Dancing around a blazing fire with garlands of wildflowers in their hair, members of Lithuania’s Romuva neo-pagan community mark the summer solstice, as the Baltic state undergoes a revival of its pre-Christian beliefs.
Skipping to the steady beat of drums, other singing revellers at the feast, known locally as Rasa, pass under an arbour decorated with flowers before throwing salt on an altar as an offering to ancient Baltic gods.
“It’s a beautiful tradition... at this time of year, everything’s in full bloom and we feel close to nature,” says Virginija Miceliene, a 40-year-old florist attending the solstice celebrations in the lush Verkiai Park, just north of Lithuania’s capital, Vilnius.
The last nation in Europe to be converted to Christianity at the end of the 14th century, many Lithuanians are still deeply attached to pagan customs.
Thousands celebrate Rasa each year and controversial moves are afoot in parliament to accord Romuva the legal status of a religion in the predominantly Catholic country.
“Our religion is based on historical sources, archaeological discoveries and traditional culture transmitted orally,” Romuva high priestess Inija Trinkuniene tells AFP, as she presides over Rasa rites.
Dressed in a white cowl and a dark green robe covered by a flowing white cape embroidered with traditional red and green geometric designs, Trinkuniene looks as if she has stepped straight out of the Middle Ages.
“More and more people are discovering our practices and find that they feel close to them because it’s something very Lithuanian,” she told AFP, surrounded by similarly-clad Romuva believers both young and old.
A pantheistic religion based on the belief that the natural world is divine, Romuva holds the god of lightning and thunder, or Perkunas, and Zeme, or Mother Earth, as its top deities. Earth’s cycles mark out its feast days.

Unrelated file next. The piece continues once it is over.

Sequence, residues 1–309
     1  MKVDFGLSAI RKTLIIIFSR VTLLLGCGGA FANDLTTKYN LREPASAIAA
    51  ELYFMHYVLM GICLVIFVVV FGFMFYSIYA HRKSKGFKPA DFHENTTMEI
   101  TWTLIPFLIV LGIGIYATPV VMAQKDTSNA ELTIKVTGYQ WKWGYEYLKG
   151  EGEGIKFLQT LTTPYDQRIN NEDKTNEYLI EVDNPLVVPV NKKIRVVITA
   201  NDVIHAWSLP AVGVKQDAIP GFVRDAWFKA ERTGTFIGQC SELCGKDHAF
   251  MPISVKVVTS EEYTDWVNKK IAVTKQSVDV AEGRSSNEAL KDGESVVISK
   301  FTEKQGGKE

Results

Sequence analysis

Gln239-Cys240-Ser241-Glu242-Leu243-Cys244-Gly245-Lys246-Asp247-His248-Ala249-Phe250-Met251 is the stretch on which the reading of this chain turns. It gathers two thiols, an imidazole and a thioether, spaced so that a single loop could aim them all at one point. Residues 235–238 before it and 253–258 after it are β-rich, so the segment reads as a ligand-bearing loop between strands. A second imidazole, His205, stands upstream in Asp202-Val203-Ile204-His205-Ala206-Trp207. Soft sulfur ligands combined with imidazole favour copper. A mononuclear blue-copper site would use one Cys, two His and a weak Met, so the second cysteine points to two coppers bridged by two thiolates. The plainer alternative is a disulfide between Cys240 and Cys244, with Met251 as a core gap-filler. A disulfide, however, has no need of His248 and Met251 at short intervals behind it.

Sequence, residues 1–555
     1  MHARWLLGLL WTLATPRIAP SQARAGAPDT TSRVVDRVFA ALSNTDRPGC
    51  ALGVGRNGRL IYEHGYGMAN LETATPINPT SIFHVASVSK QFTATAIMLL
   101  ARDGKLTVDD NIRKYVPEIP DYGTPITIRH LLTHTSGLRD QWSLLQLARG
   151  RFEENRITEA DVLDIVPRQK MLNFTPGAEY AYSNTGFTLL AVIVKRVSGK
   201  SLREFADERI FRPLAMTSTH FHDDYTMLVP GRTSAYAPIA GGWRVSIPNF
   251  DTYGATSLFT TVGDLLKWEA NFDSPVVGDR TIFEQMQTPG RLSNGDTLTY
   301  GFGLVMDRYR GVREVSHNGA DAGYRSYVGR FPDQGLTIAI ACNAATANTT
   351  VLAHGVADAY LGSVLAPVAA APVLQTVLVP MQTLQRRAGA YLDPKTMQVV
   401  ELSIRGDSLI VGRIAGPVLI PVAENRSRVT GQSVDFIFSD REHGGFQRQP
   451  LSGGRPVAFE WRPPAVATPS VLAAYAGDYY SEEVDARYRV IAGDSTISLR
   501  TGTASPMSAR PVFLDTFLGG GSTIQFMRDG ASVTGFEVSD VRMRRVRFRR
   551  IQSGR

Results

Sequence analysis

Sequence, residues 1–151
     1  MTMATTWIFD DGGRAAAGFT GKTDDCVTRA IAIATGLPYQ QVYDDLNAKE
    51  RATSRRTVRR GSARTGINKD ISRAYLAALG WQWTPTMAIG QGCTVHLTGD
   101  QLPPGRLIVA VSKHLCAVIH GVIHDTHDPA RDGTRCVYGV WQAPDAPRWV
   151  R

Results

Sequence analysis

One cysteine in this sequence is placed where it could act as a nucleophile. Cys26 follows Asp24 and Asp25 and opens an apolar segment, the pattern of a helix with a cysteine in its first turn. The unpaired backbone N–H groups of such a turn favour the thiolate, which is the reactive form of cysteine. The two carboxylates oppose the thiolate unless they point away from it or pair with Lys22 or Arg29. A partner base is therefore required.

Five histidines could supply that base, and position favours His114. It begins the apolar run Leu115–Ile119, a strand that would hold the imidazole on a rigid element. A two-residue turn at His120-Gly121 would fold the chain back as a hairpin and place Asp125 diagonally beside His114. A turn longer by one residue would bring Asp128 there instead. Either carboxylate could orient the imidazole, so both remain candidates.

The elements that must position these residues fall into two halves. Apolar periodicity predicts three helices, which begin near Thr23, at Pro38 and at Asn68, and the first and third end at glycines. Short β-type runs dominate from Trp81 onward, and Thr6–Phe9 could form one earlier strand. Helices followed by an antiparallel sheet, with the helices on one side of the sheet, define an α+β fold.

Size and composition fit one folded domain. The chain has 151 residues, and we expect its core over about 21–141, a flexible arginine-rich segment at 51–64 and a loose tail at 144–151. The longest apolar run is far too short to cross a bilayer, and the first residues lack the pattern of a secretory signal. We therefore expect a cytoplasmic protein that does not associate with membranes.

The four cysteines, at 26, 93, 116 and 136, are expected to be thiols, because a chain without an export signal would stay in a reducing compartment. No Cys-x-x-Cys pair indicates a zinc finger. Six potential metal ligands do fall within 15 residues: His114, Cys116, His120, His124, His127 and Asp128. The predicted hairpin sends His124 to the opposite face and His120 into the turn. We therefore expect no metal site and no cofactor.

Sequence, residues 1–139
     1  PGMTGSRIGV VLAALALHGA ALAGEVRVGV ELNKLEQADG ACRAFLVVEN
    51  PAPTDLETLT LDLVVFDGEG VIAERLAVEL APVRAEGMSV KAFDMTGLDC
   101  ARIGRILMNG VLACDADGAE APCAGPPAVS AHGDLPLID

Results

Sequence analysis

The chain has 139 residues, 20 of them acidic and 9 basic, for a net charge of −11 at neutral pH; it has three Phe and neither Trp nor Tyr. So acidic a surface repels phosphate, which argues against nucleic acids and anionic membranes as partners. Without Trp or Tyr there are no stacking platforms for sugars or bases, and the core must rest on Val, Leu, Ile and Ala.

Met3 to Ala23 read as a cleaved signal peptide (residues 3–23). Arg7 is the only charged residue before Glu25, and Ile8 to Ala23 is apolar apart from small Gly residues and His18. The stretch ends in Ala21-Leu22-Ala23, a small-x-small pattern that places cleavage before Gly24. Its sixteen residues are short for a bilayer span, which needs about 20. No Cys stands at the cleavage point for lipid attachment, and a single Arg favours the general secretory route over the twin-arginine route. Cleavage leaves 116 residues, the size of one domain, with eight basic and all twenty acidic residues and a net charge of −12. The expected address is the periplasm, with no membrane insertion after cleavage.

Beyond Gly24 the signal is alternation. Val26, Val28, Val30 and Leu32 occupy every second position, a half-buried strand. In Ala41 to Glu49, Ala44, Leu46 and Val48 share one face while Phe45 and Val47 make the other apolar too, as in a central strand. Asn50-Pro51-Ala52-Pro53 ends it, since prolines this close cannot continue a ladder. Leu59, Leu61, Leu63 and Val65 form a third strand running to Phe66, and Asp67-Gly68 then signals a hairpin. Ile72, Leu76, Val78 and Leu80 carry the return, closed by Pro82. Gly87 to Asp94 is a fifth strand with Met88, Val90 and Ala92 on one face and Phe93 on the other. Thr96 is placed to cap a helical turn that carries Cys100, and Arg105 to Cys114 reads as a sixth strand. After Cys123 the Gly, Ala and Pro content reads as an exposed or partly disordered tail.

Suppressed by the Soviets after their occupation of Lithuania in 1940, Romuva and its Rasa feast was furtively revived in 1967 by ethnologist and dissident Jonas Trinkunas as a way to express Lithuanian national identity.
But by 1973 the nascent movement was driven deep underground after Soviet authorities cracked down on its leaders.
Romuva has attracted thousands since 1990 when Lithuania broke free from the crumbling Soviet Union. However, the only official figures cite some 5,118 followers and date back to the 2011 census.
Parliament is expected to formally recognise Romuva as a religious community later this year, giving pagan marriages and baptisms the same civil status as Christian, Jewish or Muslim ceremonies.
Ramunas Karbauskis, a farming tycoon and leader of Lithuania’s governing Peasants and Green Union party, is widely regarded as having masterminded moves to accord Romuva legal status in this Baltic eurozone state.
Having won elections in 2016, his party’s popularity was driven in part by his reputation for reviving ancient Baltic customs, most notably in his tiny home village of Naisiai.
He transformed it from a derelict Soviet-era state farm into a pastoral wonderland boasting public gardens dotted with wooden statues of pagan-era Baltic gods.
The pagan renaissance is not without controversy in this nation of 2.9 million where 77 percent of the population identifies as Roman Catholic.
Conservative politicians have questioned the legitimacy of Romuva as a religion, arguing that it lacks “historical continuity” and “written tradition”.
Philosopher Nerija Putinaite argues that the move to recognise Romuva is a “political decision related to the interests of the (governing) party” and has warned that it could be exploited to shape and control national identity.
For sociologist Milda Alisauskiene, the Romuva “religion is, in fact, a reconstruction... it is part of a global phenomenon in reaction to globalisation that emphasises the desire to preserve local traditions.”
Former conservative prime minister Andrius Kubilius is also a critic. He points out that the vote giving Romuva official religious status will likely come this autumn as Pope Francis visits to mark 100 years of Lithuanian independence.
For Migle Valaitiene, a 27-year-old housewife who is a Romuva “vaidila” or sage, politics and questions of national identity could not be further from her mind.
“Some people may see this movement as a kind of patriotism, but it is a religion for me, and we emphasise the importance of both the male and female essence.
“In the Christian religion, God created the human being and God is a man,” says the young mother, who discovered Romuva as a teen.